The reluctance of many pharmas to establish a robust social media presence is unfortunate if understandable, given the continuing lack of clear guidelines from FDA. Marketers may play it safe and avoid experimenting with new social channels or features because of the constant worry about violating rules they didn’t even know existed. Instagram is one such emerging venue, one considered to be a ‘niche’ channel better suited to the cowboy brands from CPG and retail. However, here are four reasons why Instagram works just as well or better for pharma:
1. On Instagram, your content goes to your followers and that’s about it
To quote a character from House of Cards, in today’s world, when you’re talking to one person, you’re talking to 1,000. But what if you only want to talk to your target audience?
Instagram provides a ready-made solution for this – it doesn’t have a typical ‘share’ feature. Users can ‘like’ or comment on posts and follow the handle to get more regular content, but the only way users can currently share a post is by sending it as a private message to one of their friends. Your posts are seen by your followers and – hopefully – by others who search for a hashtag you used. Knowing who will see your content helps you track responses and step in, if necessary, using internal regulatory guidance concerning social media content.
2. Users want to see pretty pictures, not have a conversation with the world
Fear of getting trolled prompts many pharmas to disable comments when posting videos on YouTube, while having a Twitter handle can seem like holding a lightning rod in the middle of a thunderstorm. Users may react badly to one post, or search for a brand they are angry at and reply to posts by them or about them. These interactions, not to mention the risk of missing an adverse event mention, underscore the need to invest in real time monitoring, which may impact other resourcing needs.
Instagram was built to serve as a showcase for pictures and videos, with limited conversation around them. Users searching for a brand name find only handles, pictures, or video posts that include the brand name as a hashtag. Searches do not lead directly to user comments, either. The platform’s visual centricity and simplicity allows you to let your images do the talking for you.
3. The new ‘Instagram Stories’ feature lets you share ephemeral visual content that disappears after 24 hours
Instagram Stories is intended for intimate, short-lived content. Users can view a story but cannot ‘like’ or comment (they can send you a direct message, but even this can be disabled). Disappearing content helps you focus on sharing content more tailored to a point-in-time campaign, reinforcing that those following along are getting access to something others aren’t. Taking advantage of FOMO (Fear Of Missing Out) may be that hook you need to focus on a patient story about how your product/service/patient assistance program enabled one patient to experience some special event.
Short-lived content also enables you to post updates or quick announcements without having them clutter your other visual content. This kind of random reinforcement that encourages followers to keep an eye on your feed can be productive.
4. Subtlety is the norm on Instagram
Instagram provides a level playing field to pharma marketers, who have always been subtle by default, due to DTC regulatory considerations. Users want to see pictures and not display ads, so successful brands on Instagram try to limit the use of taglines within images and videos themselves, instead using captions and relevant hashtags in the text description below an image or video post.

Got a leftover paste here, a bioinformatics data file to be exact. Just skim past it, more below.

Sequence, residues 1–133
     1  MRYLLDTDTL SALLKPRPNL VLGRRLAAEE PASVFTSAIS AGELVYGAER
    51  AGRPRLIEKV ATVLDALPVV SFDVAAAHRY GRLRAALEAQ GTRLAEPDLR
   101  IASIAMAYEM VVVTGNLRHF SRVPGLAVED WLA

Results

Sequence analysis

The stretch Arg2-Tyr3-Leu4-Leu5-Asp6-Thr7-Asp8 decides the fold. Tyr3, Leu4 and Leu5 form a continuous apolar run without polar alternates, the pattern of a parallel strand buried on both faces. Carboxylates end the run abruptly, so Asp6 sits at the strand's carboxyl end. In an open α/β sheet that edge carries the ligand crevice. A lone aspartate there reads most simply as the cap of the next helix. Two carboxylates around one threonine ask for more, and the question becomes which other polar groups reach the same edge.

There are plenty of popular hashtags pharma can pick from to get more reach. The hashtag #health has been used in over 42 million public posts on Instagram, while others like #fitness, #wellness, etc. are also used widely. Disease specific hashtags such as #cancer, #diabetes, etc. are popular as well.
The nature of the image sharing community also allows you to evolve the types of content you share based on how your followers respond. With a potential lightening of the monitoring load (based on settings built-in to the platform), you may be able to become a more interactive brand by posting content that helps patients to see the possibilities your services provide, gives physicians examples to share with colleagues or patients, promotes advocacy groups you partner with, and reinforcing the importance of diagnosis or compliance through content shared by those stakeholders.
Source: Novartis Instagram
Novartis, Pfizer and Genentech are among the growing number of pharmas with an Instagram presence, but brands from elsewhere in healthcare, including the American Heart Association, 23andMe and diabetes uber-blogger Kerri Sparling, are well-established there. Instagram remains one of the most underutilized social channels for pharma, but it holds great potential for brands. Get a few good photographers, decide on a universal theme which ties into your brand’s positioning (wellness, fitness, etc.), and create a visual narrative around that theme. Content can also come from partnership with patients and advocacy groups already involved in the platform. Including them in the creative development process may help you position your brand as the friendly guest at the party, making people want to see what else you have to share later. If you approach your channel’s theme in a transparent and collaborative way, you’ll be surprised at how quickly you can build a loyal follower base.
Want insights into exactly what kind of visual content will work best for your brand’s positioning? What are some best practices among the brands in your category? Want to know what patients, physicians, advocacy groups, or health systems in your disease areas are already creating and sharing content on this platform? Write to us at email@example.com and we’ll be happy to help.